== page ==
Transformation is mainly performed in molecular cloning to maintain and propagate DNA sequences of interest in bacteria or other host cells. The DNA of interest is incorporated into plasmids or other vectors, which act as a vehicle to shuttle DNA of interest into host cells. The transformed colonies are analyzed after transformation to ensure propagation of the DNA insert. Some of the issues observed include absence of transformants, transformants with incorrect inserts or absence of inserts.
This article on bacterial transformation troubleshooting addresses some common problems and recommendations on how to solve them.
After overnight incubation following transformation, either no colonies or very few colonies are observed on the selective LB agar plate.
|Possible causes for very few or no transformants
|Recommendations to optimize transformation and colony formation
|Suboptimal transformation efficiency
To ensure good transformation efficiencies:
Suboptimal quality and/or quantity of transforming DNA
Cloned DNA or protein that is toxic to the cells
Incorrect strain used to propagate a vector carrying a lethal gene for selection
|Insufficient number of cells plated
Suboptimal growth time and temperature
Incorrect antibiotic or concentration in plates
Improper use of cell-spreading tools
After colony selection and analysis, vector contains an incorrect or truncated DNA fragment as identified by sequencing or restriction analysis (fragment size identified in the gel).
|Possible cause for transformants with incorrect or truncated DNA inserts
|Recommendations to maximize propagation of correct DNA inserts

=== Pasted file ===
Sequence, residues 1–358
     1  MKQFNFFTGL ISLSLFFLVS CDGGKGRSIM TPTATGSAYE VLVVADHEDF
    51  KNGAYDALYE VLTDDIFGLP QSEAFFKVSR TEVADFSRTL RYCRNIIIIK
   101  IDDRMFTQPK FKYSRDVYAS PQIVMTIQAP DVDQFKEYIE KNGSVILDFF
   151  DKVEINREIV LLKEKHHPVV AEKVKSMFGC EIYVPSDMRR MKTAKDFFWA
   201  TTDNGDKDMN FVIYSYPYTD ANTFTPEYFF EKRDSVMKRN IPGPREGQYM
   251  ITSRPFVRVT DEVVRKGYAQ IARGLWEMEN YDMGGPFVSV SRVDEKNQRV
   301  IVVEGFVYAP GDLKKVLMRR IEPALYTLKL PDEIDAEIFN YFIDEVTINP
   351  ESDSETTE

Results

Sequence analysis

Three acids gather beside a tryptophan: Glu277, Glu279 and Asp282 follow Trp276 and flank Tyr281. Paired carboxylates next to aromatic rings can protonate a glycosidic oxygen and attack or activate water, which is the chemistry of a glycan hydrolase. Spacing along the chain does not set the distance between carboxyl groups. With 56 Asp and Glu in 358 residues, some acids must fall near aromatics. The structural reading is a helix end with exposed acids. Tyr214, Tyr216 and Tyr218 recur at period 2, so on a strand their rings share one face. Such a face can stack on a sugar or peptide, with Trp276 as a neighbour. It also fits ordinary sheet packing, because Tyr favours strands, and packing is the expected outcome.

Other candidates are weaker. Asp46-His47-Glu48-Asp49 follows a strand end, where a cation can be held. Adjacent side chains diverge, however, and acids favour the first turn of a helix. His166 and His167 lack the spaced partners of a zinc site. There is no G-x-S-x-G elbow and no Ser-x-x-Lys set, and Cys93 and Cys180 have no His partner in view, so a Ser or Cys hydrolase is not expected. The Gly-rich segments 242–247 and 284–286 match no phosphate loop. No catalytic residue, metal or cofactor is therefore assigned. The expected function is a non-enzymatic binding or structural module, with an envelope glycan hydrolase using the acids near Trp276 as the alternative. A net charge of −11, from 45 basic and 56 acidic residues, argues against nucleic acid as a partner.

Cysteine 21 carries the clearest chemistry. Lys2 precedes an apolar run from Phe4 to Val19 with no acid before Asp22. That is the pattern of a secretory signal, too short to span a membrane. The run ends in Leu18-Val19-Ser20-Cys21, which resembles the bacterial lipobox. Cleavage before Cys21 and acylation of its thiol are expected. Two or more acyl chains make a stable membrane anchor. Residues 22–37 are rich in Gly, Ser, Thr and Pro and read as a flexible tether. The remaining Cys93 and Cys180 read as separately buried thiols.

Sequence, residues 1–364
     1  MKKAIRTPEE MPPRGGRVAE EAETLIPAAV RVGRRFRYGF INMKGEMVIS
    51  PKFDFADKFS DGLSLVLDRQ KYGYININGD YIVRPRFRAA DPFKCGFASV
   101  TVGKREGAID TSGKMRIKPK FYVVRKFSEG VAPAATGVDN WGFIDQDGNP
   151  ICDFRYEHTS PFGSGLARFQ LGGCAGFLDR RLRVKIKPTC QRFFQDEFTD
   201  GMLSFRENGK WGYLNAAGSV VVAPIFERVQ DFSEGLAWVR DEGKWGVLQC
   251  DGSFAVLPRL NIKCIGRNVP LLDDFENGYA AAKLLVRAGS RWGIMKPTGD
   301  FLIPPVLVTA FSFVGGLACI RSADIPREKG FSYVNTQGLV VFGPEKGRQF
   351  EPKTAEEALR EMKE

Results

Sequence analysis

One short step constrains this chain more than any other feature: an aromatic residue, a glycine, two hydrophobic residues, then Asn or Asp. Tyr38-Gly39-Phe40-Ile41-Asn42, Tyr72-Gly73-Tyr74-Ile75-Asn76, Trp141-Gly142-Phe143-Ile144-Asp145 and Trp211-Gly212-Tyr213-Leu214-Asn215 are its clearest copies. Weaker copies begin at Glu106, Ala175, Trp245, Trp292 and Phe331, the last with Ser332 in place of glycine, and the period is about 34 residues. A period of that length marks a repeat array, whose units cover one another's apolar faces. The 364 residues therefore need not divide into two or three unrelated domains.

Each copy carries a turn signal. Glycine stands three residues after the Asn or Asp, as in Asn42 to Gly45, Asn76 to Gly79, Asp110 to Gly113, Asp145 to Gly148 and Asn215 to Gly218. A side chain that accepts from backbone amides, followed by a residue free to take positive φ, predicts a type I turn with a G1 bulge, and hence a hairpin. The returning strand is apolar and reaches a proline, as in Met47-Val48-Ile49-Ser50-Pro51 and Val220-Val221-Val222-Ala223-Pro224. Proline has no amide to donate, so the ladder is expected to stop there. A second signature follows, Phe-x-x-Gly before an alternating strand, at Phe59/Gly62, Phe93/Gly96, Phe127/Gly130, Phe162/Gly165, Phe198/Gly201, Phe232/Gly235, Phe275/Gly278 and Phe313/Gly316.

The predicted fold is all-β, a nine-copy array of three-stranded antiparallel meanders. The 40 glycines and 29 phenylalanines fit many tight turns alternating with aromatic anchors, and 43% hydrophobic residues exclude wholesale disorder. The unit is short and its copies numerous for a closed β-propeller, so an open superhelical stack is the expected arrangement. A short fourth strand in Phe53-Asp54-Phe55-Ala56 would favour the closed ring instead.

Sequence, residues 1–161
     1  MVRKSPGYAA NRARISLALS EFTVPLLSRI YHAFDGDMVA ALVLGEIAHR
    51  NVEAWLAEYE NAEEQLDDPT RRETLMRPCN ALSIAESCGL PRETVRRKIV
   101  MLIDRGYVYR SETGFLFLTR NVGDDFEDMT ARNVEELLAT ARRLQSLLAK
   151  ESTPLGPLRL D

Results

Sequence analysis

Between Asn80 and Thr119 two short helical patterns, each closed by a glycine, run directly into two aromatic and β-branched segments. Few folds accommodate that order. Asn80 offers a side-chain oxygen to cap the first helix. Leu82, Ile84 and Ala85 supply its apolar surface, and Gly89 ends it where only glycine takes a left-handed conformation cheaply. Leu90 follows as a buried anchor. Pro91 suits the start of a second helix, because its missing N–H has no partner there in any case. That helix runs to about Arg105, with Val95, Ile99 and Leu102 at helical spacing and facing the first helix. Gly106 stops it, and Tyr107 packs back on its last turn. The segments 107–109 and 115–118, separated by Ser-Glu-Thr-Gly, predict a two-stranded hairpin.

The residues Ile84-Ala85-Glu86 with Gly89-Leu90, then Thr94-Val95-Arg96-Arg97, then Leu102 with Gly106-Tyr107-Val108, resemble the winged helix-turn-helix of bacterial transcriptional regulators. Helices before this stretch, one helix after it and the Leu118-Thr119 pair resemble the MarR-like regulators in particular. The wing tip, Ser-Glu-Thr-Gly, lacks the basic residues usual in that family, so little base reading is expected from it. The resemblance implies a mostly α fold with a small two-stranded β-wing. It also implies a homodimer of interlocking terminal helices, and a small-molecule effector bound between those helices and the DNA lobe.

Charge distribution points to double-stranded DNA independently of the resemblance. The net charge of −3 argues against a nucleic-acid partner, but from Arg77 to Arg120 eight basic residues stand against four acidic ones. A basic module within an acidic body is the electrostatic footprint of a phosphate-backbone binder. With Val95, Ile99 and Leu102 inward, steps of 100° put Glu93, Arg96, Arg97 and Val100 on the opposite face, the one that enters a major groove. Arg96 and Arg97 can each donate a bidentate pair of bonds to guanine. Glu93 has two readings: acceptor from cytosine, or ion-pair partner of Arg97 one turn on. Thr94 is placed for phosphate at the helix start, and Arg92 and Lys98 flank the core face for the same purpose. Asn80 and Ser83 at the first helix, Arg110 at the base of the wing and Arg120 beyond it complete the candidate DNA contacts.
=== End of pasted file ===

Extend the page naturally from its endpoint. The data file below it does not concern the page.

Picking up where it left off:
|Cloned fragment truncated
After colony selection and analysis, vector is empty.
|Cloned DNA or protein that is toxic to the cells
|Improper colony selection method
|Issues in upstream cloning steps
Picked colonies do not grow in a selective media or after colony selection no DNA vector could be obtained.
|Recommendation to improve chances of transformation
|Vector plasmid recombined into the host chromosome
|High number of cells plated
After overnight incubation, too many transformed E. coli colonies are observed making it difficult to pick single colonies (they might even fuse together). Or colonies are spread unevenly forming isolated clusters.
|Possible causes for poor colony formation
|Recommendations to avoid overgrown and clumped colonies
Large number of cells plated
It takes unusually longer to grow cells in liquid media or purified DNA yields are not sufficient.
|Recommendations to optimize cell growth and improve DNA
Improper growth conditions or old colony
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